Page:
And Then There Were None

by: Agatha Christie

Important Quotations Explained

2
Mr. Owen could only come to the island in one way. It is perfectly clear. Mr. Owen is one of us.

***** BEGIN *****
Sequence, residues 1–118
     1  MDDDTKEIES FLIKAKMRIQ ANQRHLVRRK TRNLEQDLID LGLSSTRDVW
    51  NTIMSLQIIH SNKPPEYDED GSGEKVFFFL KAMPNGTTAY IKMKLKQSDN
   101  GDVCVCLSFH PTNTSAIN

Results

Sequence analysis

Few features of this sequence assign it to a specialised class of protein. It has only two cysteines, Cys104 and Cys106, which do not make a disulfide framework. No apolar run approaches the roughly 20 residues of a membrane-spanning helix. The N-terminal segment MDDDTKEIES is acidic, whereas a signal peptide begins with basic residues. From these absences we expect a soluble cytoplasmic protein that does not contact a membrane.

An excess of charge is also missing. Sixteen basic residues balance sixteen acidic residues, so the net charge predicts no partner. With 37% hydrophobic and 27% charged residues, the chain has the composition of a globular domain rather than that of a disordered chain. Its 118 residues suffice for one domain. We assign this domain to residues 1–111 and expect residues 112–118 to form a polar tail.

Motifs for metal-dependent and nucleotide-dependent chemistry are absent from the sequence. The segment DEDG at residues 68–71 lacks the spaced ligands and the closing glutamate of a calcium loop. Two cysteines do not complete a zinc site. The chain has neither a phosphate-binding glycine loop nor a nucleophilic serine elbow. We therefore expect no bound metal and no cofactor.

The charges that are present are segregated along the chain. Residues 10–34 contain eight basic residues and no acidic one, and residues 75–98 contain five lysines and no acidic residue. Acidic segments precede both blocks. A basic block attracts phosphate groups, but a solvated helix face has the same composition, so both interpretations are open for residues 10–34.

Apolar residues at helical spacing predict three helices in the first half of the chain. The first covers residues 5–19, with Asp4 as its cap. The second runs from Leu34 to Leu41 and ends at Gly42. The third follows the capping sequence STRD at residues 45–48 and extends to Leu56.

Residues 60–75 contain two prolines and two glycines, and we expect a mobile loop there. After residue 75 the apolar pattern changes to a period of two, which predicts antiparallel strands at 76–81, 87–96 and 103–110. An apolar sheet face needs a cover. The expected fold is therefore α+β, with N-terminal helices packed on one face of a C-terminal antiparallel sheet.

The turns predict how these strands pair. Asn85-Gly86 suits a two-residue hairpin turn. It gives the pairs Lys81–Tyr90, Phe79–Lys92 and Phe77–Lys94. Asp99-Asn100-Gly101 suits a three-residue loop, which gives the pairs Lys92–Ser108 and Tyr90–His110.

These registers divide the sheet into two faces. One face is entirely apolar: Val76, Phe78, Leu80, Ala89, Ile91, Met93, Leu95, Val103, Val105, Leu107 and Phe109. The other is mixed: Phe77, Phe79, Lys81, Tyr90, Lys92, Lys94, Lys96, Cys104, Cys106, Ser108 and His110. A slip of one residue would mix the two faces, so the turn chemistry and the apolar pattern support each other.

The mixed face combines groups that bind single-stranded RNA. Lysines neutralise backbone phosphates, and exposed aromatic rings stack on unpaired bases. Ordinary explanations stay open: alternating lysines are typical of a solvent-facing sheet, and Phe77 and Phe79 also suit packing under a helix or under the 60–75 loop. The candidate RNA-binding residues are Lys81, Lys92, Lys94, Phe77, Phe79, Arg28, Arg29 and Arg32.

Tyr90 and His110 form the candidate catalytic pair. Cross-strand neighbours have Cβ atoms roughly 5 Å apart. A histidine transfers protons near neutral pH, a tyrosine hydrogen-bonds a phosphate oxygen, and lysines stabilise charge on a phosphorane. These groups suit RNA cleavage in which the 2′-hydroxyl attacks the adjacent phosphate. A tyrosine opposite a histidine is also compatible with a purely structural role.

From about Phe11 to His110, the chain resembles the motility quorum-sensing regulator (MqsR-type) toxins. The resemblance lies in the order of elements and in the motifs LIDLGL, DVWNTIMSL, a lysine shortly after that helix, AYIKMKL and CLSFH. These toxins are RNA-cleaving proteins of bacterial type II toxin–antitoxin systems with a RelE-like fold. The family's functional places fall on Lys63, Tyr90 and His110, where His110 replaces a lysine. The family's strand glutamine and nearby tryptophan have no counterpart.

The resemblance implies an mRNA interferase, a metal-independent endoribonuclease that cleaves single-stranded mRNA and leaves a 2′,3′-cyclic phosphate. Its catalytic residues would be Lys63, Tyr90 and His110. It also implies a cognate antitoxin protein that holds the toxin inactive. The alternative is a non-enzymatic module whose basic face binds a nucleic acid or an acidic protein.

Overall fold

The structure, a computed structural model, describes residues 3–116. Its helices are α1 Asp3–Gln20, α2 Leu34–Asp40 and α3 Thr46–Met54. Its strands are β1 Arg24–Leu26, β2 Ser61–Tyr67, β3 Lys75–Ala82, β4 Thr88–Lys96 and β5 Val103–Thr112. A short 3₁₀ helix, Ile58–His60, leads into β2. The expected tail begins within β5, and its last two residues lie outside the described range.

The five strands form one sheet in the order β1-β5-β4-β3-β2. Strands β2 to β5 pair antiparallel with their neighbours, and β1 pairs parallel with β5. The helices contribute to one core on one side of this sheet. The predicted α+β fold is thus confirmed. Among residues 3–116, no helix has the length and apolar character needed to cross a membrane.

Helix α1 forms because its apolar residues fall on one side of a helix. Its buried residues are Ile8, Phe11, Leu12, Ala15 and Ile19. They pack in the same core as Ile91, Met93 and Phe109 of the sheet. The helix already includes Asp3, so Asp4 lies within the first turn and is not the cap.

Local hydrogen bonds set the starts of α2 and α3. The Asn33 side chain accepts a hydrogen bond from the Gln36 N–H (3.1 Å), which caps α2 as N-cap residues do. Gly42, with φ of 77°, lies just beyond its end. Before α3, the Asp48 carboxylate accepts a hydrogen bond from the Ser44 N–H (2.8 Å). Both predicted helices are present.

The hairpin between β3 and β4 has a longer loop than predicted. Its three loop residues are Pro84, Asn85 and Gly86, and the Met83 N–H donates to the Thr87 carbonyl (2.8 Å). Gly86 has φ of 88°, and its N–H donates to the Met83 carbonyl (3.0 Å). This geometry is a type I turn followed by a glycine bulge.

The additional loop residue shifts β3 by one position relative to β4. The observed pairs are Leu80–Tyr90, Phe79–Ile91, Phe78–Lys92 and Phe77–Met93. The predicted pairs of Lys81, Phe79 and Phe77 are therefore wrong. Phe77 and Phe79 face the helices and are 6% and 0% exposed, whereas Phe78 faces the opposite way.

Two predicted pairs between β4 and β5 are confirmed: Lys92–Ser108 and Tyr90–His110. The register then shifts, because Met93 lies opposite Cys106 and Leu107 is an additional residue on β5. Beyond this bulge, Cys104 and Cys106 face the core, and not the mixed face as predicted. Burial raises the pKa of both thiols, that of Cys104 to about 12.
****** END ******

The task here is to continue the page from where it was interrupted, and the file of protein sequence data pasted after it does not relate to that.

These words from Wargrave in the middle of Chapter IX mark the second crucial turning point in the novel (the first occurs when the recorded voice accuses the guests of murder). Prior to this moment, everyone has assumed, at least publicly, that their homicidal host, Mr. Owen, is hiding somewhere on the island and planning to murder them. But after Lombard, Blore, and Armstrong conduct an exhaustive search of the island and find no one, Wargrave boldly states the only plausible conclusion: the killer is one of their party. He speaks aloud what many of the others have considered but kept to themselves. This realization fosters paranoia and suspicion that build as the novel goes on and everyone begins to suspect someone different. This quotation also marks the point at which Wargrave steps in as leader of the group, a role he occupies until his apparent death four chapters later.